An independent author who doesn't seem to have made much of an impact in the circles I move in, Buroker writes slick action fantasy stories of the sort that Hollywood would write. The characters are archetypal, but not boringly so. Few pages go by without a quip at someone's expense. Fights are plentiful and inventive. The first book follows an Imperial enforcer (policewoman) tasked with tracking down a notorious assassin on behalf of a precariously positioned Emperor. Hollywood, amirite? There are deeper, heavier books on this list. There are few as fun though and sometimes, that's the poison of choice.

Cameron Johnston - The Traitor God

First off, ten out of ten for a very metal name. Second, The Traitor God has a fantastic feeling to it, the sort of thing that I want to call Magepunk and then hate myself for doing so right after. Yet it fits. The crowded, inequal city in which our protagonist stalks the mean streets looking for the man who butchered his friend is very cyberpunk, just in a fantasy setting. And one of the most fantasy things about it is how it's ruled by mages - nasty, conniving mages, all looking for a way to become gods. Or use horrific Cthulhian monsters to murder people instead. It's very much a book that deserves to be better known. Disclaimer: I know Cam a little from the internet.

Max Gladstone - Three Parts Dead

I'm never quite sure what people think of Max Gladstone. Certainly he's sold enough that people must know him but is he considered a great? A curiousity? Just kinda there? I don't know. But I get the feeling he's not high on most people's lists and that's a mistake. His Craft Sequence is, in its way, the closest thing to latter day Pratchett I've found; satirical, sharp, cynical mysteries with heart and a grin. It's more focused on the malfeasances of the business world than the satire but Gladstone makes it work, and his take on gods as corporations is truly inspired. Very highly recommended.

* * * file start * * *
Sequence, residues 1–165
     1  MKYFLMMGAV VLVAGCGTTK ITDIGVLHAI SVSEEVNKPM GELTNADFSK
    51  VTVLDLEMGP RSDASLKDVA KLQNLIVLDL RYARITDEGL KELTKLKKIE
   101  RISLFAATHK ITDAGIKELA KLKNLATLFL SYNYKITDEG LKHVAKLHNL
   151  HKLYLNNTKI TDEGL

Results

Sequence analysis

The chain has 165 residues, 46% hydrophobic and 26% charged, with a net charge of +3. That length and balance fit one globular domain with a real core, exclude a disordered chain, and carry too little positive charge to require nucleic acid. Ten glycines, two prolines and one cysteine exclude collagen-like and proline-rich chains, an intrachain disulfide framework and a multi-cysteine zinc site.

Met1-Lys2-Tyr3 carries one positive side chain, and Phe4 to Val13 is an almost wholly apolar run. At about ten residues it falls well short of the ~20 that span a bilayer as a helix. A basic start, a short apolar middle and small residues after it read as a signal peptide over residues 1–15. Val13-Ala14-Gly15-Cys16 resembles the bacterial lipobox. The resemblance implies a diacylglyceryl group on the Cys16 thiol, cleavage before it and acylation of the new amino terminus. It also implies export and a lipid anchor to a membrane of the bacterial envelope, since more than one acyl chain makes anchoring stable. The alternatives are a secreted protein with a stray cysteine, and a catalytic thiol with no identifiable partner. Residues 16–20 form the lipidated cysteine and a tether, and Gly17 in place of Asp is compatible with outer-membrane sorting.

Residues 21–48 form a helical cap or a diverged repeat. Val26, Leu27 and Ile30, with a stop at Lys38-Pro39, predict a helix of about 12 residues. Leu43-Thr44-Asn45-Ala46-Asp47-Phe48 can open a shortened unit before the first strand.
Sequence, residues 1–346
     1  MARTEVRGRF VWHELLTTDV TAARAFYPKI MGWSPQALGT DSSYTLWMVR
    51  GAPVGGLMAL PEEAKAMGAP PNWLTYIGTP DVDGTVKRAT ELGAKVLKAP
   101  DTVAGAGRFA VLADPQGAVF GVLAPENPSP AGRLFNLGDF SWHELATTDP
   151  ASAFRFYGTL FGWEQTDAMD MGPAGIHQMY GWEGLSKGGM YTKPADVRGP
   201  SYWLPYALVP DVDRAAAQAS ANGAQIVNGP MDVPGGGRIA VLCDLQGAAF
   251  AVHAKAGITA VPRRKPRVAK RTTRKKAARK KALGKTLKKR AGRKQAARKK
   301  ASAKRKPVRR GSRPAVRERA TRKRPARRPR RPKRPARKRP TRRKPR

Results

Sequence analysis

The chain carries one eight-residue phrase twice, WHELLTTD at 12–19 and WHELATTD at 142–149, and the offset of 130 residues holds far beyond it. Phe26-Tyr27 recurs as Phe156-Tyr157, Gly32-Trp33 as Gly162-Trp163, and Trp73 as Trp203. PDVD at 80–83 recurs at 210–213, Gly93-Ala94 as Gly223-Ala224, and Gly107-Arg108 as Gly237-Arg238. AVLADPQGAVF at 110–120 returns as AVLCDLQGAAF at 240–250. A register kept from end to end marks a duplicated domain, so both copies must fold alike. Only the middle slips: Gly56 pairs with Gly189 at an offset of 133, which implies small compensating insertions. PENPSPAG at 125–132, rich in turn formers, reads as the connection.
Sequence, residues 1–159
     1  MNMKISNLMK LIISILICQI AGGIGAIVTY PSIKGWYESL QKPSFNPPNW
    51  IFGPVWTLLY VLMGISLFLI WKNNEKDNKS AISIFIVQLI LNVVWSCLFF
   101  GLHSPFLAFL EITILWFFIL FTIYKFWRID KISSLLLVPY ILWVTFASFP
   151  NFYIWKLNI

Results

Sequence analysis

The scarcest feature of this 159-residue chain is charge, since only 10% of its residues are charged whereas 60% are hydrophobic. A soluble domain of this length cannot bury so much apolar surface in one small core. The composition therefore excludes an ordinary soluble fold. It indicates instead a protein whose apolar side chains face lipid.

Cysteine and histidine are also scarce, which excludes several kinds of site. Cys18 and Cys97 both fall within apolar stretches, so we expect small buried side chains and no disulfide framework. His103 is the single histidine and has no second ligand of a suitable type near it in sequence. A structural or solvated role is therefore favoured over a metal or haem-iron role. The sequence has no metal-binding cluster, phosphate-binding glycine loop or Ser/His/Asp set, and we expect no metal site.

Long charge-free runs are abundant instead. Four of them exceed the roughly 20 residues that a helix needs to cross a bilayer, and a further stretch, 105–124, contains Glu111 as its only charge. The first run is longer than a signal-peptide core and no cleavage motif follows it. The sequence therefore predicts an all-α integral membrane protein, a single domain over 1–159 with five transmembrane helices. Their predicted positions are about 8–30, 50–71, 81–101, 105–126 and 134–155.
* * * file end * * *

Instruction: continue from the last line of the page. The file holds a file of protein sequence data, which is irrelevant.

Jacqueline Carey - Kushiel's Dart

Carey is pretty well known to be fair - who hasn't heard of the mainstream fantasy author who wrote a ton of BDSM sex scenes into her work? But the brilliance of the books sometimes falls behind. Set in a light fantasy inlay of a vaguely renaissance Europe, the heroine is a courtesan and a spy, following the loyalties of the man who gave her meaning and the merciless, but not pitiless, bidding of the fallen angel who marked her as his own. The books are full of interesting characters, frustrating mysteries, romance, sex... okay, a lot of sex. Don't recommend them to your mum like this fool did. I'm still grateful she didn't like them, but most people will. Celebrated as a (kinda) modern classic, they should be.